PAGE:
Hi Everyone, I am thrilled to bring you an interview with Hometown Track Minnesota Author in the Spotlight, John Reimringer. His book Vestments won the Minnesota Book Award for fiction in March of 2011.
- Tell us a little bit about yourself.
I was born in Fargo and grew up in Kansas; my wife and I moved to Saint Paul in 2001. But my father’s family had lived in Saint Paul since 1857. My great-great grandfather became a citizen here then, and ran a saloon and grocery downtown. My great-grandfather died at the second-ever Saint Paul Winter Carnival in 1887, when he got drunk, fell off the back of a sleigh, and cracked his skull.
- What inspired you to write Vestments?
It started off as a father-son conflict between a barfighter father and a spiritual son. In the original story, I made the son a seminarian to heighten the conflict with his father; when I decided to turn the story into the novel, I made the son into a full-fledged priest to raise the stakes even further.
- Usually an author puts some of his own life experiences in the book. Did you do that? Do you have anything in common with your characters?
If you imagined the whole of a writer’s life as a statue that looks like the writer, what a fiction writer does is to shatter the statue with a hammer, then pick up the pieces that suit the story. So there’s a nose here, and a big toe there, and maybe an elbow.
- I am wondering why you chose a priest for your main character? Are you a religious man?
I was a pretty devout Catholic as a young man. I split with the Catholic Church over its view on women’s roles and gay rights, and my wife and I attend the Episcopal Church now, which has taken a courageous and moral stand on the latter issue. But I grew up during the progressive flowering of the Church following Vatican II, and I wanted to explore that time, when the Catholic Church defined itself by the positive changes it could make in the world, not the people it wanted to exclude. The novel is a bit of an elegy for that hopeful moment in Church history.
The book was initially set in Kansas, where I grew up, but that draft wasn’t going anywhere. Then we moved to Saint Paul. My father, who was from here, had just died, and when we arrived I fell in love with the city and felt very much as though I had come home. So I was exploring this very Catholic city, and thinking about my very Catholic father’s life (the grandfather in the novel is loosely based on him), and it seemed natural to set the story here. Once I did, the book really started to come together.
- What are some of the important issues in Vestments that you hope your readers will interpret as integral to the story?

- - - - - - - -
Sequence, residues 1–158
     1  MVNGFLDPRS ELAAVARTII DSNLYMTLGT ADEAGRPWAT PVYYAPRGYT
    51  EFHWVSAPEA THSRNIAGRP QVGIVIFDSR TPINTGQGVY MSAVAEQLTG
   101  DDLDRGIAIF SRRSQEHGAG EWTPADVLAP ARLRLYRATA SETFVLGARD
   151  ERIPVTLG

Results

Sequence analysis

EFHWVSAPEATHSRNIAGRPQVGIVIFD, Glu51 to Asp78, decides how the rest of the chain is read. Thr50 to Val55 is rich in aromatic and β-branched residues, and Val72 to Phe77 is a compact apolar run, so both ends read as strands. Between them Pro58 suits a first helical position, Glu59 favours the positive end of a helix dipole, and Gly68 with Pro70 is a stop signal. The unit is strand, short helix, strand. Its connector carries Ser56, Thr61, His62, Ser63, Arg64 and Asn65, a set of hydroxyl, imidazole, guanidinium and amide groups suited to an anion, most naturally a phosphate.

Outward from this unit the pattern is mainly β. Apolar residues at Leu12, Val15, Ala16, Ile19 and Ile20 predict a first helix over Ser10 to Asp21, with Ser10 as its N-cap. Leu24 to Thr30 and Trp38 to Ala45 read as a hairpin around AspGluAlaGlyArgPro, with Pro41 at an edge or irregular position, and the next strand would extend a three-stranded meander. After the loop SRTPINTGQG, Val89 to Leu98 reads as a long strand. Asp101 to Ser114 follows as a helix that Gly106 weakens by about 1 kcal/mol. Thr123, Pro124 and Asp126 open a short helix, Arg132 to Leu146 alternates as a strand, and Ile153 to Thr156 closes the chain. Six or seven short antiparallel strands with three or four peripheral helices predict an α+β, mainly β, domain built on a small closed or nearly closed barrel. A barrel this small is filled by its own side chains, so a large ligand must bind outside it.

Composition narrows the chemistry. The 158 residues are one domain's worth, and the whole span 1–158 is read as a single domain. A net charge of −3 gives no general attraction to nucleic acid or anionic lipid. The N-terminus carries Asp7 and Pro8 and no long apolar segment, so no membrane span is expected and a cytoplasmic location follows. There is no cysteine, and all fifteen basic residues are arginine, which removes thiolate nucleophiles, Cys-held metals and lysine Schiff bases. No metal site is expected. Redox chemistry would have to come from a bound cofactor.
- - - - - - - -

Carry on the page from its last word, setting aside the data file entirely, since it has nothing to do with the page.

Relationships between different generations of men are a big part of the story. The priest’s father, Joe Dressler, is a profane and violent man, and many readers really dislike him (though an equal number tell me he’s their favorite character). But a lot of Joe’s actions are prompted by fear, and if you look closely, there are hints that his father, the generally sympathetic grandfather, Otto, wasn’t necessarily very kind to Joe when he was growing up. So there’s a cycle of meanness and violence, and along with that, the necessity of grace—unearned forgiveness.
- This is your first book. Can you tell us why or when you decided to become a writer?
I read a lot as a child, and I started trying to write at age ten, imitating the science fiction and juvenile sports novels I was reading then. But I had no idea how one went about becoming a writer, so as an adult I worked around writing and books in the only ways I could figure out how, as a newspaper editor and a library assistant. Then, around age 30, I read Hemingway’s For Whom the Bell Tolls and that renewed my interest in being a writer. I learned what an MFA program was, and started writing and applying.
- Is it hard to juggle writing, teaching and parenthood? How do you carve out time during your busy day to write?
It’s a constant struggle to carve writing time into your life. It changes from semester to semester depending on classes and schedule and teaching load. I imagine it will change again with parenthood (we’re still expecting as I write this). When I win the struggle, it’s usually because I manage to write first thing in the morning, before the rest of the day intrudes.
- Do you like to read? What authors or books influence you?
I’ve never met a writer who doesn’t love to read. Some creative-writing students don’t, and you always wonder why the hell they’re taking a writing class.
Hemingway was a huge influence for me early on. Like Hemingway, most of my other favorite writers are strong short-story writers: John Cheever, Flannery O’Connor, John McGahern, Andre Dubus. I could go on and on.
- Are you currently working on a second novel and will you share part of the plot with us?
Yes. It’s set in Saint Paul during the 1920s, when the city had a corrupt police force and was full of gangsters.
- Vestments won the Minnesota Book Award for fiction this year. Can you describe your initial reaction when they called your name at the awards ceremony? How do your students react to your success?
It was the first category announced, which was terrifying because I hadn’t gotten to watch anyone else get up to the stage. And I’d never had to say anything in front of so many people before. So I found myself on stage, trying not to drop this glass-and-marble award that weighs like seven pounds, and say something gracious and witty. It was overwhelming, because there were so many good books among the finalists and nominees.
- In one sentence tell readers why they should read Vestments?
One of my professors said, about One Hundred Years of Solitude, that it was a book that left you feeling good about the world; I hope that’s true of Vestments.
If you would like to enter to win a copy of Vestments please enter here: Vestments Contest